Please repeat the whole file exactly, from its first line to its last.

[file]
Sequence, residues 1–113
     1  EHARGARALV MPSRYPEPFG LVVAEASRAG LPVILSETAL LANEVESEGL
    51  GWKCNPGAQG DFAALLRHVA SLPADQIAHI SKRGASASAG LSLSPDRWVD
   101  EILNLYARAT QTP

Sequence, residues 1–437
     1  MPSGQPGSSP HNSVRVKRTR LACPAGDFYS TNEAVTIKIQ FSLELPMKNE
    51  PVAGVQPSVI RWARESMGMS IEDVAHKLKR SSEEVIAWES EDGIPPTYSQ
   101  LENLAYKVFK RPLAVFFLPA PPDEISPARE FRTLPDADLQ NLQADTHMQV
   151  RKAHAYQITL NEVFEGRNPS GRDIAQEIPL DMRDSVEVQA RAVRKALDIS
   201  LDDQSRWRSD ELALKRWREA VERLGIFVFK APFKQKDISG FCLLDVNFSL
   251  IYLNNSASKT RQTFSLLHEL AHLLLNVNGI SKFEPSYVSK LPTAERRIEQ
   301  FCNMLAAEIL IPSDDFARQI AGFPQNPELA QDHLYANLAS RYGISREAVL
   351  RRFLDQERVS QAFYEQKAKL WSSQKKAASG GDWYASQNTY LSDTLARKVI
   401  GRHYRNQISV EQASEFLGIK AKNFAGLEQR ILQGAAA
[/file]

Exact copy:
Sequence, residues 1–113
     1  EHARGARALV MPSRYPEPFG LVVAEASRAG LPVILSETAL LANEVESEGL
    51  GWKCNPGAQG DFAALLRHVA SLPADQIAHI SKRGASASAG LSLSPDRWVD
   101  EILNLYARAT QTP

Sequence, residues 1–437
     1  MPSGQPGSSP HNSVRVKRTR LACPAGDFYS TNEAVTIKIQ FSLELPMKNE
    51  PVAGVQPSVI RWARESMGMS IEDVAHKLKR SSEEVIAWES EDGIPPTYSQ
   101  LENLAYKVFK RPLAVFFLPA PPDEISPARE FRTLPDADLQ NLQADTHMQV
   151  RKAHAYQITL NEVFEGRNPS GRDIAQEIPL DMRDSVEVQA RAVRKALDIS
   201  LDDQSRWRSD ELALKRWREA VERLGIFVFK APFKQKDISG FCLLDVNFSL
   251  IYLNNSASKT RQTFSLLHEL AHLLLNVNGI SKFEPSYVSK LPTAERRIEQ
   301  FCNMLAAEIL IPSDDFARQI AGFPQNPELA QDHLYANLAS RYGISREAVL
   351  RRFLDQERVS QAFYEQKAKL WSSQKKAASG GDWYASQNTY LSDTLARKVI
   401  GRHYRNQISV EQASEFLGIK AKNFAGLEQR ILQGAAA